The Band 5 receivers were originally designed and prototyped by Onsala Space Observatory's Group for Advanced Receiver Development (GARD) at Chalmers University of Technology in Sweden, in collaboration with the Rutherford Appleton Laboratory, UK, and ESO, under the European Commission supported Framework Program FP6 (ALMA Enhancement). After having successfully tested the prototypes, the first production-type receivers were built and delivered to ALMA by a consortium of NOVA and GARD in the first half of 2015. Two receivers were used for the first light. The remainder of the 73 receivers ordered, including spares, will be delivered between now and 2017.
Figure 12: Photo of one of the Band 5 receiver cartridges built for ALMA. Extremely weak signals from space are collected by the ALMA antennas and focussed onto the receivers, which transform the faint radiation into an electrical signal (image credit: ALMA partnership)
ALMA Back End and Correlator
The ALMA Back End systems deliver signals generated by Front End units installed in each antenna to the Correlator installed in the AOS (Array Operations Site) Technical Building, located at an altitude of 5,000 m. Signal processing and data transfer is schematically shown in Figure 13. Analog data, produced by the Front End electronics, is processed and digitized before entering into the data encoder, followed by the optical transmitter units and multiplexers. All these elements are installed in the receiver cabins of each antenna. Optical signals are then transmitted by fibers to the AOS Technical Building. The total distance is, in one antenna configuration, about 15 km. At the Technical Building the incoming optical signals are de-multiplexed and de-formatted before entering the Correlator. 21) 22) 23)
ALMA main array Correlator: The ALMA main array Correlator, to be installed in the AOS Technical Building, is the last component in the receiving end of the data transmission. It is a very large data processing system, composed of four quadrants, each of which can process data coming from up to 504 pairs of antennas. The complete correlator will have 2912 printed circuit boards, 5200 interface cables, and more than 20 million solder points. Integral parts of the Correlator are TFB (Tunable Filter Bank) cards. The layout is such that four TFB cards are needed for the data coming from a single antenna. The TFB cards have been developed and optimized by the University of Bordeaux over the last few years.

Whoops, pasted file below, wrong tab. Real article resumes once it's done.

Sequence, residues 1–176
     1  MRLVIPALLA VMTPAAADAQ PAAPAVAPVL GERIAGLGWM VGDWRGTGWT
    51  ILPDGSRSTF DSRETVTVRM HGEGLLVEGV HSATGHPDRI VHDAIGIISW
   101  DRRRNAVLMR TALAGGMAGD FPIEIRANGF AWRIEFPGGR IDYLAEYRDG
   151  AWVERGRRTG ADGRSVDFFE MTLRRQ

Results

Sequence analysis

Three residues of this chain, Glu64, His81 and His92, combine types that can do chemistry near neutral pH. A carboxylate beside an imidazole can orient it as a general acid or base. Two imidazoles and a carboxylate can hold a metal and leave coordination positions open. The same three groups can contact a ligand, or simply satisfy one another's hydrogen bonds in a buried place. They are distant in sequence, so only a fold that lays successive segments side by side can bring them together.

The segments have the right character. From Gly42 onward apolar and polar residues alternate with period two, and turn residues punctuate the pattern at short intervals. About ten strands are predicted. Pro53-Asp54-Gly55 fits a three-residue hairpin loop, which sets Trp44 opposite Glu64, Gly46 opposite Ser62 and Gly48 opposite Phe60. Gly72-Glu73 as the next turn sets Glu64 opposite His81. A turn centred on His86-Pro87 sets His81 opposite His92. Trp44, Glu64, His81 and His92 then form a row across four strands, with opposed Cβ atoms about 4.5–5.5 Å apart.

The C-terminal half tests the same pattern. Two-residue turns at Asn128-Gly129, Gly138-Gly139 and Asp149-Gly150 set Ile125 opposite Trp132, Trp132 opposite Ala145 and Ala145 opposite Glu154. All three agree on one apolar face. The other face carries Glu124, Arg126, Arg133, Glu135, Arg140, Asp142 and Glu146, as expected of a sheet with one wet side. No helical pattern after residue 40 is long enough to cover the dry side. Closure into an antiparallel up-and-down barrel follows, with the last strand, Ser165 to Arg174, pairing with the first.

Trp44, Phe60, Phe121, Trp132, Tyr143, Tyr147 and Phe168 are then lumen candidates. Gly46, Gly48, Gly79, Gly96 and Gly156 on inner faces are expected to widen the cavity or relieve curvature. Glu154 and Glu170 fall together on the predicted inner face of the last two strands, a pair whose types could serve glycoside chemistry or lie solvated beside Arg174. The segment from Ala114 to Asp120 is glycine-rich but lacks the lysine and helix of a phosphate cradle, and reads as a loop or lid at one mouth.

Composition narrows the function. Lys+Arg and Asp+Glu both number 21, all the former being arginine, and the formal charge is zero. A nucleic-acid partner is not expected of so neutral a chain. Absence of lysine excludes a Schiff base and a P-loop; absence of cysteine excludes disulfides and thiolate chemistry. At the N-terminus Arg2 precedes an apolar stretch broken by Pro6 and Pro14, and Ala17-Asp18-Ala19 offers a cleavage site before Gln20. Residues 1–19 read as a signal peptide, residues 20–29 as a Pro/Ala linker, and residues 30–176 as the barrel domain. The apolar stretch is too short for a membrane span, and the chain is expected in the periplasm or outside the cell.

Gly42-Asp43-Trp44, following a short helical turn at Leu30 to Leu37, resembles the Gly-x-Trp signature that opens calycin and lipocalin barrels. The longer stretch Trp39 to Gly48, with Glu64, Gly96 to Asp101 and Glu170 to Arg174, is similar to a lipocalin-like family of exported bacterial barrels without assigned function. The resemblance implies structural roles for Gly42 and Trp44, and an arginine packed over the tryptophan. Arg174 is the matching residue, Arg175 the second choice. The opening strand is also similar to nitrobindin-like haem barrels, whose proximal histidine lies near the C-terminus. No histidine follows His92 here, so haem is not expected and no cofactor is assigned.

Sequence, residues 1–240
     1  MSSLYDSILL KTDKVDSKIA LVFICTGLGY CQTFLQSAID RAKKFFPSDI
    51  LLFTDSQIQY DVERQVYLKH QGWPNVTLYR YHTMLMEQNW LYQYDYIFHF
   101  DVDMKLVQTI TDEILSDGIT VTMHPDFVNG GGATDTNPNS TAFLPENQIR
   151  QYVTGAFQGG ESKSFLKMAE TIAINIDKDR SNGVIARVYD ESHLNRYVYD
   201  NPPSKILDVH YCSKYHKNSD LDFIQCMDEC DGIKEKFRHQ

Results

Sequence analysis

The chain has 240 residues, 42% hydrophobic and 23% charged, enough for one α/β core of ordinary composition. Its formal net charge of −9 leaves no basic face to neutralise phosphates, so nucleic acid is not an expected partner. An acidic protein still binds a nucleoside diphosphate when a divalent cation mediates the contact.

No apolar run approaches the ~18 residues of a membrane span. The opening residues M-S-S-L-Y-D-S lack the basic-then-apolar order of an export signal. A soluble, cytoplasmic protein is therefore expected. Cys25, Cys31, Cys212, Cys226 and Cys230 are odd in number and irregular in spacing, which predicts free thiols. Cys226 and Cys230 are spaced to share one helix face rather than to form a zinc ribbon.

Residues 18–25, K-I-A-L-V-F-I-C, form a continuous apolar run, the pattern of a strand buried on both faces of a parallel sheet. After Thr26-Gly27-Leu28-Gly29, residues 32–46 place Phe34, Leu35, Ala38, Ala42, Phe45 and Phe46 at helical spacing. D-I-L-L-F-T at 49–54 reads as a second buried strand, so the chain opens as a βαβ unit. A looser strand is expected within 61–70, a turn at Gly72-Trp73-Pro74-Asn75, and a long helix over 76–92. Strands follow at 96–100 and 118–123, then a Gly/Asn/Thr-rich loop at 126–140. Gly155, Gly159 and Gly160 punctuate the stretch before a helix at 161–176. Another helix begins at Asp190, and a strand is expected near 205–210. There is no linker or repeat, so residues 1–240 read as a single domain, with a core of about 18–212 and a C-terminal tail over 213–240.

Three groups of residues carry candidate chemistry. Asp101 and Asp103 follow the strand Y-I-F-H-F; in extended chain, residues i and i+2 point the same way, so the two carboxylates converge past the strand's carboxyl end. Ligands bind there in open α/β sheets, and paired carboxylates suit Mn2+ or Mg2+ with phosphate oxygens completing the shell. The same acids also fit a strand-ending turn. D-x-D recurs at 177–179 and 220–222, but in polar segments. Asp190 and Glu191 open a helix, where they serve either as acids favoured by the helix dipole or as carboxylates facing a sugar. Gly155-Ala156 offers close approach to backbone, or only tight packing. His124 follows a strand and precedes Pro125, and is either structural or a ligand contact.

ACA (Atacama Compact Array) Correlator: The ACA Correlator is designed to process the signals detected by the Atacama Compact Array (ACA). This correlator consists of 52 modules connected with each other through optical-fiber cables. All the modules are installed in 8 racks in the AOS Technical Building. The power spectra issued from the correlation are transferred to the ACA data processing computers.
• May 15, 2020: The contract has been signed for the production of the final set of receivers to be installed on the Atacama Large Millimeter/submillimeter Array (ALMA). Of the originally foreseen ten receiver bands, eight have already been installed, and the ninth, Band 1, is currently in production in East-Asia. Now, contracts have been signed to start the production of the final band in the original ALMA definition — Band 2, led by ESO. Exceeding the originally defined frequency range for this Band (69-90 GHz), the proposed receiver will operate at the full 67-116 GHz frequency window. The hugely successful Band 3 receiver has already opened up the 84-116 GHz frequency range years ago, but the new Band 2 will allow for observations across the entire 67-116 GHz atmospheric window using a single receiver. The project will involve multiple international partners as detailed below. 24)
Figure 14: The figure shows the typical contributions of continuum emission sources with respect to the ALMA Band 2 frequency coverage (purple shaded region), and the Band 1 frequency coverage (pink shaded region). ALMA Band 2 will on average span one of the cleanest mm or submm-wave windows available. The grey bands depict the frequency bands of the Planck satellite, which covered similar frequencies as ALMA. Figure adapted from Planck Collaboration et al 2016 (A&A 594, A10 (2016)), image credit: ESO
Following successful tests of a prototype Band 2 receiver (Yagoubov et al. 2020, A&A 634, A46), the ALMA board has approved the pre-production of a series of six cartridges, with the goal of eventually moving into the production of the full set, one for each of the ALMA antennas. This will depend on the verification of the performance and series production readiness based on the pre-production receiver cartridges.
The 67-116 GHz atmospheric window is rich in strong molecular lines with less crowding than other atmospheric windows. Due to the relatively low excitation energies, these lines are exceptionally suited for studying the dense molecular gas and early phases of star formation. Furthermore, the window is rich in complex organic molecules (COMs), tying in directly with the new fundamental science drivers defined in the ALMA 2030 Development Roadmap. Band 2 will also fill a gap in ALMA's ability to observe the molecular reservoir in redshifted galaxies. Finally, Band 2 continuum measurements have the lowest intrinsic background, as thermal dust emission, CMB emission, free-free emission and synchrotron emission conspire to form a local emission minimum in frequency space.
The production of the Band 2 receiver cartridges will be undertaken by a consortium comprising the Netherlands Research School for Astronomy (NOVA), Chalmers University, Gothenburg, Sweden, and the Italian National Institute for Astrophysics (INAF). The National Astronomical Observatory of Japan (NAOJ) will contribute to the production and testing of receiver optics as an East Asia contribution to the ALMA Development Program. The National Radio Astronomy Observatory (NRAO) and the University of Chile have been involved in the development and production of some components of the receivers, which will be sent to ESO for testing and integration.